Five Steps to Commissioning a Painting
Are you on a quest to find that perfect work of art for your home and you still have not found the right piece? You may have a vision in mind for a gorgeous painting but you do not know where to go to find it. Perhaps you have come back from a marvelous vacation spot with a camera full of beautiful photographs and want a piece of art to capture the magic of that moment. Hiring an artist to create a commissioned piece of work is the perfect way to get what you want, however, it is a different process than simply purchasing from a website or gallery.
I’m Anne Stine, a professional mixed media artist who has created many commissioned paintings for happy clients. Here is the process of how I work with a client from start to finish to help you understand what to expect when you hire an artist for a commissioned painting.
1. Finding an artist
There are many ways to find an artist for your commissioned painting. Your local art gallery is a reliable resource to help you find an artist who lives nearby and whose style you admire. Galleries usually are happy to give you the contact information of their artists because they will have previously worked out an arrangement with the artist to receive a percentage of the commission, or, they may wish to contact the artist directly. You can also look for artists online or attend local art fairs until you find the perfect artist for your needs. Not every artist accepts commissions for a variety of reasons, so make sure to inquire upfront. You can see my current available paintings and sold artwork on my website.
2.Working out the Details
Commissioning a painting should be a fun and collaborative experience. Whenever I begin a commission project, I ask my client these questions to make sure I am a good fit for their needs.
What medium and size are you interested in? What emotion do you want the painting to convey?
I am a mixed media painter specializing in encaustic wax landscape artwork with an impressionistic style who paints in a wide variety of sizes. However, I am also well experienced in traditional oil and acrylic painting of still life, portraiture and animals. Don’t assume an artist only paints in one medium or subject matter. They will be happy to show you their portfolio of their work and explain how they can meet your specifications.
What is your time frame?
Depending on the artist, commissions can take many weeks or months to turn around if the artist has a busy schedule or prior commitments. I ask my clients to allow four to six weeks from the time I receive all the information I need to begin to the finished painting. Let your artist know upfront if the painting is for a special occasion. Like me, they usually will try to meet special deadlines if they are made aware of them.
Do you have reference photos?
Most artists work from reference photos for commissioned paintings. If you only have a vision, try to be as detailed as possible of what you are looking for and perhaps share examples of similar work. If you simply wish to have a piece created similar to one of the artist’s existing paintings, be aware that an artist is unable to replicate a previous work completely. Each painting is unique and it is not a copy. I work from reference photos, and will sit down and review the photos with my client to make sure I understand what is important about the scene to them. I then create a preliminary sketch for their approval before I begin.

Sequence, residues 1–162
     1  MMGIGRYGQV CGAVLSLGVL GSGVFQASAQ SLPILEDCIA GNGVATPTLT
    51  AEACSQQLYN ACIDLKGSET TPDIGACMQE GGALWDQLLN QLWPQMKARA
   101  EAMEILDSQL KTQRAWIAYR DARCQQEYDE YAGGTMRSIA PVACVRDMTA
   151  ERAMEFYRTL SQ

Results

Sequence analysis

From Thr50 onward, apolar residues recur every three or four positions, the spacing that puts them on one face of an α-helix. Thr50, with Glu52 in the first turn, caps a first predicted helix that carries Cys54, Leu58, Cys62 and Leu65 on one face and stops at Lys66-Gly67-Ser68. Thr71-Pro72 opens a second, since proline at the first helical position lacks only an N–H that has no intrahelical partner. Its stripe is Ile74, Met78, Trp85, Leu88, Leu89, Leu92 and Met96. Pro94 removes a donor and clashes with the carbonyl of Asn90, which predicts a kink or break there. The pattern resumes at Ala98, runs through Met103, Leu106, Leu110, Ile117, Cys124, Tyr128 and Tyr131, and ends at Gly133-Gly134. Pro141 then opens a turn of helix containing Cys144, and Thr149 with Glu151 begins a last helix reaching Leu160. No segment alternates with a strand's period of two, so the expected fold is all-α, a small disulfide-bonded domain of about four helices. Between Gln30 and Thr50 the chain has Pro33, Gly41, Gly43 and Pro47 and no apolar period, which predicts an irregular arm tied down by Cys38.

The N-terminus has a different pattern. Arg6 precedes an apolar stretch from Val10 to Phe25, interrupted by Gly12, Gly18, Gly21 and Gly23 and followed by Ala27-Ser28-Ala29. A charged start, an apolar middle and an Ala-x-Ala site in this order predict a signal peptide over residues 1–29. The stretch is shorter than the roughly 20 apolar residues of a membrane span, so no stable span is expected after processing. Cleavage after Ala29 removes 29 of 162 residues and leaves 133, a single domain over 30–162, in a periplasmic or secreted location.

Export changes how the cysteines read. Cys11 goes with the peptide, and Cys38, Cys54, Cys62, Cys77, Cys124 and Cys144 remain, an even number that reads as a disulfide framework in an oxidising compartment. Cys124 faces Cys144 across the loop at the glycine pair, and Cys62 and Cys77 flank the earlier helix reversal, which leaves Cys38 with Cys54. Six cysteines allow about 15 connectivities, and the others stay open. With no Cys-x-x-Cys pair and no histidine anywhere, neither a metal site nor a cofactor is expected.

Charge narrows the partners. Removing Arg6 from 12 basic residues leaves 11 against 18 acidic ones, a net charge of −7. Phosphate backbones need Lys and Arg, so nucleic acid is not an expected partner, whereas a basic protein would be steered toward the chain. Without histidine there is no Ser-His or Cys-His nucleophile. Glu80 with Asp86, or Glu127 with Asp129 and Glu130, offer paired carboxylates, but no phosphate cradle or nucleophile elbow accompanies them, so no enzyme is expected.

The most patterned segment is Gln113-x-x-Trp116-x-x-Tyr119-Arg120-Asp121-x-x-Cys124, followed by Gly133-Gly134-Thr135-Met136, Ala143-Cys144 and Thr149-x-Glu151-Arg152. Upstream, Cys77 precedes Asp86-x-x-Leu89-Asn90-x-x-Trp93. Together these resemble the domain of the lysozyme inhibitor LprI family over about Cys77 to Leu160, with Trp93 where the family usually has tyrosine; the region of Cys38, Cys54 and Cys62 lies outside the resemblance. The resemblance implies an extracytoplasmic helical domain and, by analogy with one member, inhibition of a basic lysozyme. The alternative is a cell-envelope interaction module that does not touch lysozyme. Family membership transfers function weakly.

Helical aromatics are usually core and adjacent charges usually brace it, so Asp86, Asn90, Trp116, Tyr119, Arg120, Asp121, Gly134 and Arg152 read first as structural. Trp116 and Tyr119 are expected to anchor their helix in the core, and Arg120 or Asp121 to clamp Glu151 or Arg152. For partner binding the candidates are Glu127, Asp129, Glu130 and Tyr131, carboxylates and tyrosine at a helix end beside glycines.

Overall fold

3. Commission Contract
Most artists will draw up a simple contract outlining the scope of the work, payment schedule, review process, and delivery. A contract is necessary to ensure that the artist and client are clear of each other’s expectations and to alleviate miscommunication. I always provide a simple commission contract for my clients including scope of project, timeline, payment, and delivery details. Like me, most artists will require a 50% deposit before work begins with the remaining fee collected at the time of completion of the commissioned painting.
4. Review Process
When you commission an artist, you will want to have the opportunity to review the project as it progresses. I provide clients a preliminary sketch of the composition before I begin a painting and a review of progress at 75% completion. This allows the artist and client to have a clear understanding of how the commissioned painting is progressing and alleviates uncertainty. This is the time when the client can make changes. Note that you may be charged an additional fee if you have major changes onceyou have signed off on the second review. Hopefully, you have communicated your changes early on in the process so this does not occur.
The detail of whether the painting will be picked up from the studio, delivered, or shipped should be outlined in the commission contract. You will want to be aware that shipping is an extra charge added to the final cost of the painting. I provide the shipping charge upfront for my clients. As an added service, I also provide personal delivery and installation within the Metropolitan D.C. area free of charge.
A Positive Experience
Original art makes a home come alive and reflects the personality of the person living there. It becomes even more personal when you commission an artist to create the painting of your dreams! By following these five steps to commissioning a painting, your buying experience will be a positive one.
To see my portfolio and learn more about me as an artist, go to www.annestine.com.